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Volunteers Offer Free Grocery Delivery For People Staying Home

SALT LAKE CITY, Utah – In the age of “stay safe, stay home,” a group of college students has launched an effort to help the most vulnerable population stay healthy by offering a service to get them what they need most: groceries.

“People who are healthy and are taking precautions to not transfer disease of any kind are willing to help out,” said John Lindsay, a student at Brigham Young University who was looking for a way to stay involved in his community after his school went to online classes and the governor directed everyone to stay home.

“It’s been awesome,” Lindsay said of the community response to the group he started, the Utah Valley COVID-19 Response Team.

It’s a grocery delivery service for those who are staying home for health reasons during the global pandemic. It started a couple of weeks ago with three people in Utah County and has since grown into more than 80 volunteers across two counties.

“I’ve gotten texts and calls from people all over who just say, ‘I saw your group I want to help out,’” he said. Summer Schmoekel was one of those people who reached out.

“A good way to spend some of my extra time that I have right now,” said Schmoekel, who found she had more time after school ended and her internship was postponed.

She signed up to be a volunteer on Thursday and then found herself heading to the store for an elderly couple she didn’t know by Friday.

“She’s really worried about him going to the grocery store,” Schmoekel said.

Schmoekel got the message Thursday night about the couple who needed some help getting their groceries. She received the list by phone and then threw on her mask and grabbed a grocery cart to start shopping.

“I had to sign a bunch of waivers to make sure I was following the CDC guidelines and that kind of thing,” she said. After buying the groceries, she delivered them to the front porch of a nearby home and then proceeded to remove all of the groceries, wipe down each of the bags with Clorox wipes, then did the same thing to each of the grocery items before putting them back in the bags.

Lindsay said most people reimburse the volunteers for the groceries through Venmo or ApplePay. In this case, the couple didn’t use either so they wrote out a check, set it on the ground and Schmoekel retrieved it and wiped it down before taking off in her car.

“People who are on the fence of, ‘hey maybe I should go maybe I shouldn’t go to the grocery store, just know that there are people who are out there that will say, ‘hey we’ll do that for you,’” Lindsay said.

He said they’ve managed to raise some money for the cause and are collecting donations that are used to print flyers to hang up in neighborhoods for those who may not see the service available through a smartphone. They also use any money received to buy essential goods like Clorox wipes and sanitizer, if available.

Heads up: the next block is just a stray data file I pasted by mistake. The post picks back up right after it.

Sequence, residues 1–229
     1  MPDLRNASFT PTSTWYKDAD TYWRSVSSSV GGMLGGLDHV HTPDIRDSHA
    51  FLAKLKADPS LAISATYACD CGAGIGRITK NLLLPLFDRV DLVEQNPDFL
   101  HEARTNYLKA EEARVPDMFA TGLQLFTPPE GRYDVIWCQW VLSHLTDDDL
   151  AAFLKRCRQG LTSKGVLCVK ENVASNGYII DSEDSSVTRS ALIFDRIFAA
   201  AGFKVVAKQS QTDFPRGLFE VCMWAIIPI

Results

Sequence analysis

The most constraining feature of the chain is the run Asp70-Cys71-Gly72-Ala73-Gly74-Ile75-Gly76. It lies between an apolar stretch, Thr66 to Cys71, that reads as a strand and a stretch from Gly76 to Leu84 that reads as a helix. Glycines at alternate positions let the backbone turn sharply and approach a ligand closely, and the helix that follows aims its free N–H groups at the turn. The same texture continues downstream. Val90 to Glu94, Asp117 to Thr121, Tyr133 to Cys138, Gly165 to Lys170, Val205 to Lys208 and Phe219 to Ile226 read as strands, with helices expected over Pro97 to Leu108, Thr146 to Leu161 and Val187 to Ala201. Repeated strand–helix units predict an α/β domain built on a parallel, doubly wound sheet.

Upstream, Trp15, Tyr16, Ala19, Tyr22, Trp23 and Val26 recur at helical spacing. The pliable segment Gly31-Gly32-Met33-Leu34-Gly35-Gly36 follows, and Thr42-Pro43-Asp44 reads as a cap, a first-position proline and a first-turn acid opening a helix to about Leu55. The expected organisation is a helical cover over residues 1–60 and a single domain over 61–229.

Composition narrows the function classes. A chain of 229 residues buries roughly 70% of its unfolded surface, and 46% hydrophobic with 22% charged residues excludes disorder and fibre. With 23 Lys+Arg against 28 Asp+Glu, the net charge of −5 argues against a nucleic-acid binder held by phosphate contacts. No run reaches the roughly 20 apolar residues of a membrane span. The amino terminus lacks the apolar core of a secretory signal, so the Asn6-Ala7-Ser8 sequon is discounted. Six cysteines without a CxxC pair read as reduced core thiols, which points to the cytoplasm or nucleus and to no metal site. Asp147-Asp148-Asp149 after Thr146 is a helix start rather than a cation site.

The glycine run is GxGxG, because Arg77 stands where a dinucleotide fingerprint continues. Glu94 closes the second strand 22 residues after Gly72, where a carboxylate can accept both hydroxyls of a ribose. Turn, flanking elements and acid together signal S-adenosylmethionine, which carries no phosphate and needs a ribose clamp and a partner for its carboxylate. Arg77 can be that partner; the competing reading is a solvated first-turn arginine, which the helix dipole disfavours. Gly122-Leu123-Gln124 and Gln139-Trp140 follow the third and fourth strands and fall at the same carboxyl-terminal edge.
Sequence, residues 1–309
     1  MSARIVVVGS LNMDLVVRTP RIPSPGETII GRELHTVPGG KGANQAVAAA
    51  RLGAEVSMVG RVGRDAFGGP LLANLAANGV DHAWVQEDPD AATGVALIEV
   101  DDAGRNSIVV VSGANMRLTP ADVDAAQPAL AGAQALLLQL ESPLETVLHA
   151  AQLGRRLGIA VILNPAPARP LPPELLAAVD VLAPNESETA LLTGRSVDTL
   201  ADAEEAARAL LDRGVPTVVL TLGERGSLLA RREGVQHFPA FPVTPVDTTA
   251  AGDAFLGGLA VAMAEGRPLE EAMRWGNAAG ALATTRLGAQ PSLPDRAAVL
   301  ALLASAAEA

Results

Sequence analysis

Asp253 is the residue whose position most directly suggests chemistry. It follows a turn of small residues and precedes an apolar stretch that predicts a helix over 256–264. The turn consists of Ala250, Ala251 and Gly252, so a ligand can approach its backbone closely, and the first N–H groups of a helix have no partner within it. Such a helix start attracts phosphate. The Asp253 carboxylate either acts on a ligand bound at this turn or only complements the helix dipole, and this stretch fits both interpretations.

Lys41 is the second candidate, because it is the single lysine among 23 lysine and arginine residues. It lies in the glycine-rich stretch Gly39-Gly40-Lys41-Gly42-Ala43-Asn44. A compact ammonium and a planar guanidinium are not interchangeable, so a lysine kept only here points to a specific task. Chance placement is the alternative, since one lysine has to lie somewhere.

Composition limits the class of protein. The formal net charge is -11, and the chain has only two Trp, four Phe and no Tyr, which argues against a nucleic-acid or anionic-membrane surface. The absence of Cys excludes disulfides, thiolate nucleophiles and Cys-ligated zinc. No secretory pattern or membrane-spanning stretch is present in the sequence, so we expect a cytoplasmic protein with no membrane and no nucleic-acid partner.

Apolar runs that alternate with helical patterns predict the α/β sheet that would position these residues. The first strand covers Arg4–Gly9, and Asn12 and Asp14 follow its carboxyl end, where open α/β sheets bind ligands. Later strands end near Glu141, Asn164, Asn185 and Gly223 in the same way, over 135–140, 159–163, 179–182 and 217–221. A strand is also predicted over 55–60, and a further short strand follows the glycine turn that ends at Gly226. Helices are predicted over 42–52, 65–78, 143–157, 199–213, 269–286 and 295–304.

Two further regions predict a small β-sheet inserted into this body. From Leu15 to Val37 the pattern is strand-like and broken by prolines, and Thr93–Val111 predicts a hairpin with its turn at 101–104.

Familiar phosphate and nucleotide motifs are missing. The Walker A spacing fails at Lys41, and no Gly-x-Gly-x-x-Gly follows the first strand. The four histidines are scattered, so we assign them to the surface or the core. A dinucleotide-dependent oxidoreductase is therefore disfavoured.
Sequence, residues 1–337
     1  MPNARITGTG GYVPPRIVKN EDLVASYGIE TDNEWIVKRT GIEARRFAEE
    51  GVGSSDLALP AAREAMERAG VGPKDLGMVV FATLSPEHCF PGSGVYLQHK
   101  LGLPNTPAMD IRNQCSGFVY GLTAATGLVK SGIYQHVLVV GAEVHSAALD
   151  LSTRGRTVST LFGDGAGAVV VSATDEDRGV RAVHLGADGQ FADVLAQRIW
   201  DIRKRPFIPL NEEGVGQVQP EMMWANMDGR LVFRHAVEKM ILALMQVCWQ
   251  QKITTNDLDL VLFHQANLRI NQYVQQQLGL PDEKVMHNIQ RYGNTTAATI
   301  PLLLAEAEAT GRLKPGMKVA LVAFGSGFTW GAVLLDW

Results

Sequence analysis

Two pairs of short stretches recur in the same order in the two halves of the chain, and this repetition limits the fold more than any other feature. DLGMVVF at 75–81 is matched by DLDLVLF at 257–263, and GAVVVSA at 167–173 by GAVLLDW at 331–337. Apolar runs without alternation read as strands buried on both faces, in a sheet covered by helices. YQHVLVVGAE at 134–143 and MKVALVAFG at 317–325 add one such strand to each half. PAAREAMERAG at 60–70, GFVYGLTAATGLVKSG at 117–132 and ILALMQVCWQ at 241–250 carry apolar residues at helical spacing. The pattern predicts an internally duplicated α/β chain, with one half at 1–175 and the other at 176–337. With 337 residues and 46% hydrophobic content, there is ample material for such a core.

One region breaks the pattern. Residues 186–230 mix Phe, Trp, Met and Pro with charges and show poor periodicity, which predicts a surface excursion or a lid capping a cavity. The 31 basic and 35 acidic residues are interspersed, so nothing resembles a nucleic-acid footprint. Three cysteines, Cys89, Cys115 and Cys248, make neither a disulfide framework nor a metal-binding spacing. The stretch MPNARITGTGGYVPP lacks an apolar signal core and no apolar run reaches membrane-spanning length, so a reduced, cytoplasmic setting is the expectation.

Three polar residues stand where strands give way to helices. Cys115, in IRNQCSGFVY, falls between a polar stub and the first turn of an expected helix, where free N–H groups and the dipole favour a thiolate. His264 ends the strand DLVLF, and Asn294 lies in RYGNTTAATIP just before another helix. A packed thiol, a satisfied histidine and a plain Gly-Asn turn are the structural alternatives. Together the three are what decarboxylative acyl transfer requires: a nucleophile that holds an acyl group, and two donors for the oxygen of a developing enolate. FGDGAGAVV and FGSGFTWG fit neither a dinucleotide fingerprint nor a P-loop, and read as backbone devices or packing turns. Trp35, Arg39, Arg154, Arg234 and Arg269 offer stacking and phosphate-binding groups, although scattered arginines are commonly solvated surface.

Lindsay said they’ll offer the service as long as the pandemic lasts and there is a need.

“Hopefully not a long time,” he said. “But if it is we have people who want to help out.”

To request their service, find out more information or to volunteer, you can contact them on Instagram or call or text 801-598-3993.


Coronavirus Resources

How Do I Prevent It?

The CDC has some simple recommendations, most of which are the same for preventing other respiratory illnesses or the flu:

  • Avoid close contact with people who may be sick
  • Avoid touching your face
  • Stay home when you are sick
  • Cover your cough or sneeze with a tissue and then throw the tissue in the trash
  • Wash your hands often with soap and water for at least 20 seconds, especially after going to the bathroom, before eating, and after blowing your nose, coughing or sneezing. Always wash your hands with soap and water if your hands are visibly dirty.
  • If soap and water are not readily available, use an alcohol-based hand sanitizer with at least 60% alcohol.
The CDC recommends wearing cloth face coverings in public settings where other social distancing measures are difficult to maintain (e.g., grocery stores and pharmacies), especially in areas of significant community-based transmission.

How To Get Help

If you’re worried you may have COVID-19, you can contact the Utah Coronavirus Information Line at 1-800-456-7707 to speak to trained healthcare professionals. You can also use telehealth services through your healthcare providers.

Additional Resources

If you see evidence of PRICE GOUGING, the Utah Attorney General’s Office wants you to report it. Common items in question include toilet paper, water, hand sanitizer, certain household cleaners, and even cold medicine and baby formula. Authorities are asking anyone who sees price gouging to report it to the Utah Division of Consumer Protection at 801-530-6601 or 800-721-7233. The division can also be reached by email at consumerprotection@utah.gov.

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